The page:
Young alumni currently make up one-third of UCF’s alumni population, making them the university’s largest constituent base. The 30 under 30 awards program allows the UCF community to celebrate the achievements of these young alumni and the impact they’ve made in the areas of business, research, leadership, arts, community, education or philanthropy.

Awardees were chosen based on nominations submitted by fellow Knights, friends, families and co-workers.

Many of this year’s recipients — most of whom traveled back to campus from locations across the country — were also recognized on the field during the UCF vs. ECU football game Thursday night, alongside the UCF Alumni Association’s 2015 Distinguished Student Award winner, Yudeysis Cores, and 2015 Michelle Akers Award winner, UCF’s Limbitless Solutions.

The following evening, alumni, families and friends, as well as members of university administration, advancement staff, and academic and volunteer leadership, and the evening’s host, UCF alumnus Todd Woodard, ’95, gathered for the awards celebration, held in the Grand Ballroom of the UCF FAIRWINDS Alumni Center.

This year’s 30 under 30 inaugural class included:

Joshua A. Andone, Esq., ’11

Attorney, Hale, Hale & Jacobson
College of Business Administration

Stephanie C. Bolyard, MSENVE12

Graduate Research/Teaching Assistant, UCF
College of Engineering and Computer Science

Keith Brawner, ’08, MSCPE10, PhD13

Adaptive Tutoring Scientist, United States Army Research Laboratory
College of Engineering and Computer Science

Naomi Brownstein, ’08

Assistant Professor, Florida State University College of Medicine
The Burnett Honors College & College of Sciences

Janelle N. Burrowes, ’13

Service Director, Boys & Girls Club
College of Arts and Humanities

Shelby J. Campbell, ’08

Doctor of Audiology, My Family ENT
College of Health and Public Affairs

Amanda N. Castro, ’12

Anchor/Reporter, 41NBC/WMGT
College of Sciences

Chris Castro, ’10

Program Manager, Office of Sustainability & Energy/Senior Energy Advisor to Mayor Buddy Dyer, City of Orlando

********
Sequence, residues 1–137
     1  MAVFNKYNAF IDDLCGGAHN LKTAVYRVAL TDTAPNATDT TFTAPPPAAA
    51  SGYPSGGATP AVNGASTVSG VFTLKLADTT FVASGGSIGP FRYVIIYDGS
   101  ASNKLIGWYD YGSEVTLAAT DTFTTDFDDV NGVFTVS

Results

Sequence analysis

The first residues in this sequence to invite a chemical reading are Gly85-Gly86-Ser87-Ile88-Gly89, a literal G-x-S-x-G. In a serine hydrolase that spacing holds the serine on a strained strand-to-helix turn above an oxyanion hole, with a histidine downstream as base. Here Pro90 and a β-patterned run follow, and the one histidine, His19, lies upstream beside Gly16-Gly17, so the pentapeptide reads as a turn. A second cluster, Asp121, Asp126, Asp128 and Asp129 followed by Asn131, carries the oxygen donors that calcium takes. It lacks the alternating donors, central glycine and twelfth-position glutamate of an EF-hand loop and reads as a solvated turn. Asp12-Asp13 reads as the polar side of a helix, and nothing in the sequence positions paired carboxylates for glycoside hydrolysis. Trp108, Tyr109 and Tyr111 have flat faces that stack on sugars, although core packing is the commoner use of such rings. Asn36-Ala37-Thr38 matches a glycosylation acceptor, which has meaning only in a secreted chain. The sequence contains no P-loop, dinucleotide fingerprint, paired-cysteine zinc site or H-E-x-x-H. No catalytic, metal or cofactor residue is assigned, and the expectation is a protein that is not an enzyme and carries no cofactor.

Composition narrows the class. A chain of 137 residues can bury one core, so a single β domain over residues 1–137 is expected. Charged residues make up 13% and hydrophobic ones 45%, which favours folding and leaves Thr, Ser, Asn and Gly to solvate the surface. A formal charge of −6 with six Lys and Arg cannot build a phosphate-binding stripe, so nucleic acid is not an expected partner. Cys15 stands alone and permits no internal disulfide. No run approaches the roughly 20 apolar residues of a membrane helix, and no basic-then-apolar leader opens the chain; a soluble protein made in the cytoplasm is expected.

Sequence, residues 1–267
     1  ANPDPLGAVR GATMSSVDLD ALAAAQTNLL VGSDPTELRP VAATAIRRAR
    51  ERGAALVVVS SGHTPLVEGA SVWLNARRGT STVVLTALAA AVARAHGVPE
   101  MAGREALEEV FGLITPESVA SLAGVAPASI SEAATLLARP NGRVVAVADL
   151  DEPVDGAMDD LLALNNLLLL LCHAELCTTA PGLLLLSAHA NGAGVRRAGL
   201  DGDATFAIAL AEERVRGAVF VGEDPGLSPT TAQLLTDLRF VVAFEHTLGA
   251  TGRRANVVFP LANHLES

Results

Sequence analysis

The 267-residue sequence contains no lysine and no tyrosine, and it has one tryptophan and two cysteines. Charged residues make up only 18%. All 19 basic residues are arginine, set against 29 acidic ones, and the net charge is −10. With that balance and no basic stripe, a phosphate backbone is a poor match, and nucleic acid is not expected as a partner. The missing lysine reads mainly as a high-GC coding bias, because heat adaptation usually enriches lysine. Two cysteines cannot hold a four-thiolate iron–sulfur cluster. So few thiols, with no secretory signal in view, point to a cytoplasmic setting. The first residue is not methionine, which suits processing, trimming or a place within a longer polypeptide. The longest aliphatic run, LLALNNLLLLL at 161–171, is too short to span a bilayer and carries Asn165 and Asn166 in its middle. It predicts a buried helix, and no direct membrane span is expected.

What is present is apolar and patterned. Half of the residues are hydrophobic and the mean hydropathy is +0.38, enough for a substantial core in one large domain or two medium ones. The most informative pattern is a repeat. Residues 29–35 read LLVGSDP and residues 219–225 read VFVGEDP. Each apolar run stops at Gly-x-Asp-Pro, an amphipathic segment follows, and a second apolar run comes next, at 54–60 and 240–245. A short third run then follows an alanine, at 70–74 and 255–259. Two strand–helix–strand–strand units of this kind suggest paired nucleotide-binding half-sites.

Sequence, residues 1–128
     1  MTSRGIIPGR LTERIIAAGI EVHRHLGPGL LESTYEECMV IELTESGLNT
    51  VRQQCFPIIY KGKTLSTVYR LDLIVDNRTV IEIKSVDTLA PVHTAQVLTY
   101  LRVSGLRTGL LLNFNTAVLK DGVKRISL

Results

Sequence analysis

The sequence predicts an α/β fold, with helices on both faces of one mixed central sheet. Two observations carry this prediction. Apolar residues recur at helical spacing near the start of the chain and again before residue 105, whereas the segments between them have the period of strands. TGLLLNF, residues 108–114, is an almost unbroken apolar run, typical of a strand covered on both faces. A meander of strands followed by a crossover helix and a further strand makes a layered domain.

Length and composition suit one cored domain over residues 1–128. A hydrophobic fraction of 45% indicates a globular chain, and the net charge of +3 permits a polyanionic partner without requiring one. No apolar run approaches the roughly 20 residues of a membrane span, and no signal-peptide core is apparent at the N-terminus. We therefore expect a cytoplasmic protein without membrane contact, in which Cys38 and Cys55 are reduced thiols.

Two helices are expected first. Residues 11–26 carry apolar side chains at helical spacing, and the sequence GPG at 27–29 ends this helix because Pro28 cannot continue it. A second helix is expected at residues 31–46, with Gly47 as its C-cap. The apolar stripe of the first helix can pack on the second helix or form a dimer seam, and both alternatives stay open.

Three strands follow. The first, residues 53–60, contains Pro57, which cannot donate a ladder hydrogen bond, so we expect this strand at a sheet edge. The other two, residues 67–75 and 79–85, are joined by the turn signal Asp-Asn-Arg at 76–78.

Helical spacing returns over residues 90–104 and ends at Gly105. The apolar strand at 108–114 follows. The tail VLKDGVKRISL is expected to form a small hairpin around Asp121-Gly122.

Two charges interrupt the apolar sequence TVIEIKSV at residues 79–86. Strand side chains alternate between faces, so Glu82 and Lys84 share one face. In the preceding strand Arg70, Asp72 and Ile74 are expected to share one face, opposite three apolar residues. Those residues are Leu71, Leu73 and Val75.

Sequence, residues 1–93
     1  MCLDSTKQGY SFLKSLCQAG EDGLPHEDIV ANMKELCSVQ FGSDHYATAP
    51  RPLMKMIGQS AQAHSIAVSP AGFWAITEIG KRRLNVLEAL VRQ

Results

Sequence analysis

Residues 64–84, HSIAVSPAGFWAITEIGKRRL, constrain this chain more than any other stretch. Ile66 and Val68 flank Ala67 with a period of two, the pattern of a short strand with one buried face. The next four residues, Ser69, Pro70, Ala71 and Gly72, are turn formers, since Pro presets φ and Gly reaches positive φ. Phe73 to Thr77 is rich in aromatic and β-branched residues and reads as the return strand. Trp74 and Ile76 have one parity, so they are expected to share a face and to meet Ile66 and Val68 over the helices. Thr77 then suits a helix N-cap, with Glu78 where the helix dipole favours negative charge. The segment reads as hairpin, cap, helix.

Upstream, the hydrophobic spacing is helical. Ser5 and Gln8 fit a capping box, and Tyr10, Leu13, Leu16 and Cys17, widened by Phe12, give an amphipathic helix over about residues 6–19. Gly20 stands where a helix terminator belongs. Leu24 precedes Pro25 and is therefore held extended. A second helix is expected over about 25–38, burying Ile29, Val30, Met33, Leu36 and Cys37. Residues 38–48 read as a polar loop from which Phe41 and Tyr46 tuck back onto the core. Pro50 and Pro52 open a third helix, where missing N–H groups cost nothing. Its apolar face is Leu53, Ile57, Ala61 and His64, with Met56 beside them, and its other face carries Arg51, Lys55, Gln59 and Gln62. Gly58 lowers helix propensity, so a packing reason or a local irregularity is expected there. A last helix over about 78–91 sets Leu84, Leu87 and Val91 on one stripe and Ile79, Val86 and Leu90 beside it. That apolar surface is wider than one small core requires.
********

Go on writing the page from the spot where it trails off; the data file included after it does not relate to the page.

College of Undergraduate Studies

Brett R. Chiavari, ’07

Owner & President, BC Restaurant Group
College of Business Administration

Aaron Dietz, MA13, PhD14

Research Associate, Johns Hopkins University School of Medicine
College of Sciences

Reshad D. Favors, Esq., ’10

Attorney & Fellow, Congressional Black Caucus Foundation/United States Congress
College of Business Administration

Julie Frost, ’12

Performer, Comfort Crew for Military Kids
The Burnett Honors College & College of Arts and Humanities & College of Sciences

Christopher R. Frye, ’13

Physics Ph.D. Candidate, Harvard University
The Burnett Honors College & College of Sciences

Andre Garcia, ’08

Human Factors Engineer, Northrop Grumman Corporation
College of Sciences

Lindsay C. Gartrell, ’10

Corporate Training Manager, The Kessler Collection Inaugural Class
Rosen College of Hospitality Management

Adam J. Giery, ’08, MA11

Principal, Strategos Group
College of Education and Human Performance

Jen Glantz, ’10

Founder and CEO, Bridesmaid for Hire
College of Arts and Humanities & College of Sciences

Kristin Harris, ’11

Associate Celebrity Editor & Talent Relations, Buzzfeed
College of Sciences

Jake Junot, MBA11

Vice President of Global Accounts, C3Research
College of Business Administration

Bridget D. Keefe, ’09, MPA11

Executive Director, Downtown Orlando Partnership
Rosen College of Hospitality Management & College of Health and Public Affairs

Jamile M. Kitnurse, ’08, MBA10, MSBM11

Regional Marketing Manager, Diamond Resorts International
College of Business Administration

Stephanie Ann Koszalka, MSW12

Director of Human Trafficking Victim Services, Florida Abolitionist Inc.
College of Health and Public Affairs

Albert C. Manero, ’12, MSAE14

Lab Director, The Limbitless Project
The Burnett Honors College & College of Engineering and Computer Science

Lauren Niederhiser, ’12

Assistant Project Manager, Walt Disney Imagineering
The Burnett Honors College & College of Engineering and Computer Science

Gregory A. Pearlman Jr., ’08

Financial Advisor, Northwestern Mutual
College of Business Administration

Leigha Audrey Proctor, ’10

Director of Business Development, Transperfect Translations
College of Sciences

Aubree A. Rider, ’10

Co-founder & Owner, The Heroes Group
College of Business Administration

Danny A. Rivera, ’12, MPA14

Special Assistant to Mayor Teresa Jacobs, Orange County Government
College of Health and Public Affairs